Collection 377 Papers of Elias Hatcher
Scope and Contents
Correspondence, audio tapes, photographs, diaries, and periodicals documenting the career of Elias Hatcher as a pilot for Mission Aviation Fellowship in Mexico from 1949 to 1968, and his time as a mission administrator at the U. S. headquarters of MAF from 1968 until his death in 1971. Diaries document Hatcher's military service and education at Wheaton College; correspondence includes love letters between Hatcher and his future wife, and letters with their six children when they were away at Ben Lippen boarding school and college. Audio tape contains a recording of Hatcher’s memorial service. MAF-related material extends chiefly from 1948 to 1959, covering the time of Hatcher's initial contact with the mission to his work with MAF in Mexico as a pilot and administrator; particularly records Hatcher's service to Wycliffe Bible Translators' workers in Mexico; correspondents include MAF administrators Grady Parrott, Charles Mellis and Jim Truxton, and fellow missionary Nate Saint.
- Created: 1941-1978
- Majority of material found in 1943-1974
Conditions Governing Access
There are no restrictions on the use of this collection.
E. W. "Hatch" Hatcher was born May 9, 1924, in Randlett, Oklahoma. His given name was simply "E. W." until June 19, 1959, when he legally changed it to "Elias Wesley" in a California court. He served in the United States Army Air Forces from 1943 to 1945, where he received his training as an airplane pilot and mechanic.
In April 1945, a few months before his discharge from the service, he began corresponding with the newly-formed Christian Airmen's Missionary Fellowship, which later became Mission Aviation Fellowship (MAF). Although quite interested in the possibility of service with them, he decided to complete his education first and, in the Fall of 1945, he entered Wheaton College.
While at Wheaton, he was very active in the Student Foreign Mission Fellowship (serving as its President for the 1947-1948 school year), along with his friend and fellow flyer, Nate Saint. He and Saint worked together part-time at a local air field, and formed an MAF prayer group at Wheaton.
Hatch met Doris Gale "Penny" Meeker, of Erie, Pennsylvania, at Wheaton, and they were married December 21, 1946. They continued their studies, and Penny graduated in 1947, Hatch in 1948. Their first child, Rodney Allan, was born October 18, 1947.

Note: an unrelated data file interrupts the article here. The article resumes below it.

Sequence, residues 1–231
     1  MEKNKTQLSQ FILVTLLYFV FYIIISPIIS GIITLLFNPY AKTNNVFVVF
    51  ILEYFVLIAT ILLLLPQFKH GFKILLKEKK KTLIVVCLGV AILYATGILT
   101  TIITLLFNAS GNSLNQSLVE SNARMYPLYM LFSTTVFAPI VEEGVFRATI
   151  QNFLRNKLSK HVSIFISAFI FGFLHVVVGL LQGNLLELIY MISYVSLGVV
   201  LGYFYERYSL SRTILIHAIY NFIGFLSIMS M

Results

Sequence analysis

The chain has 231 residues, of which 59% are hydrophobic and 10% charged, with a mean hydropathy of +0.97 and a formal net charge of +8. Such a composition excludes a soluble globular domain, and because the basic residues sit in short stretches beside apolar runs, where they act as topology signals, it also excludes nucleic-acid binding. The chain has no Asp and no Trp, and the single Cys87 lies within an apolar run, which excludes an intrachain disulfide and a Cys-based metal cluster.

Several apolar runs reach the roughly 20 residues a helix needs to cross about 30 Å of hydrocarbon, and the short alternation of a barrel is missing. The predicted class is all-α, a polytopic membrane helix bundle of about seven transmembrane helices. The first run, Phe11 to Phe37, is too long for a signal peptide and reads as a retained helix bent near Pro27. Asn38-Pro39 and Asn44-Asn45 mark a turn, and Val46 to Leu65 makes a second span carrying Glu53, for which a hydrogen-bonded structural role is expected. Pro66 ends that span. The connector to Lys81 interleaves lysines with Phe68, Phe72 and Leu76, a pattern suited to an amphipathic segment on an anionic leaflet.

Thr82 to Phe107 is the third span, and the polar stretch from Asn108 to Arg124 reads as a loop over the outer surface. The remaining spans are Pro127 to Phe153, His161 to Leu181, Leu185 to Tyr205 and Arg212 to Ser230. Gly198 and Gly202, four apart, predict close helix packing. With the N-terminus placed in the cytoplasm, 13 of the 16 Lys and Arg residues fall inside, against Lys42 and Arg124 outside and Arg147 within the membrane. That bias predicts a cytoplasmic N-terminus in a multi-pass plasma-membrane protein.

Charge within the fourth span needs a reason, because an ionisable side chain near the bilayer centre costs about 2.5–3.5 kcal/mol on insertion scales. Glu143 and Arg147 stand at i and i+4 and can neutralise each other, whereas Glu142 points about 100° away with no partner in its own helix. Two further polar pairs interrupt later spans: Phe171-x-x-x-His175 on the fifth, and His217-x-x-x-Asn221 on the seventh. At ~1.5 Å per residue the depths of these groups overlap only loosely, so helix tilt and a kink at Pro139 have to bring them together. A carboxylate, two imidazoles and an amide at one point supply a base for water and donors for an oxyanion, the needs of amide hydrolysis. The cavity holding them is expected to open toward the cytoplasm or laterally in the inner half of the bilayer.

Hatch had continued his correspondence with MAF and, as soon as he finished school, he and Penny began deputation. They were sent down to Mexico in January 1949, first to Mexico City to get acquainted with the Wycliffe Translators organization in Mexico, whom they would be serving. In February 1949 they settled at Wycliffe's Jungle Training Camp in Chiapas, and remained there and at Villahermosa, Tabasco, where they served the Presbyterian mission until the summer of 1951 when they established a permanent MAF base at Ixtapa, Chiapas. Other MAF aviators and their families joined them there, usually three or four families on the base at one time. During this time, they returned to Mexico City for brief times of language study.
Five other children were born to them during their service in Mexico: Joy Lynn (July 20, 1949), Jonathan Louis (March 21, 1951), Arthur Meeker (October 9, 1952), David Nathaniel (January, 1956--named for Nate Saint), and James Edward (October 3, 1958--named for Jim Elliot and Ed Mc Cully). [Saint, Elliot, and Mc Cully were three of the five missionaries murdered by the Auca Indians in Ecuador in 1956.]
From the base at Ixtapa, Hatch flew Wycliffe missionaries into Jungle Camp for their training, did other flying for Wycliffe, and flew for the Reformed Church in America mission in southern Mexico, as well as for the Presbyterian Church, U.S. (Southern), mission there. As MAF grew, Hatch's administrative gifts were soon recognized, and Ixtapa became the training base for newly-recruited MAF aviators to practice jungle and high altitude flying and landing techniques and to get oriented to MAF field procedures and practices.
Hatch became the field director for MAF work in Mexico about 1962. In 1966, supervision of the work in Honduras was added to his responsibilities, and the family moved from Ixtapa to Mexico City, so that Hatch could be nearer to the government offices he needed to maintain relations with. It was also at this time that MAF moved their Mexico base from Ixtapa to San Cristobal de Las Casas, another town in the state of Chiapas. Then, in 1968, Hatch was named Area Director for Spanish-speaking Latin America and he and his family moved back to the United States to the MAF headquarters in Fullerton, California. In 1970, his duties changed again, and he was put in charge of MAF's technical training, evaluation, and orientation.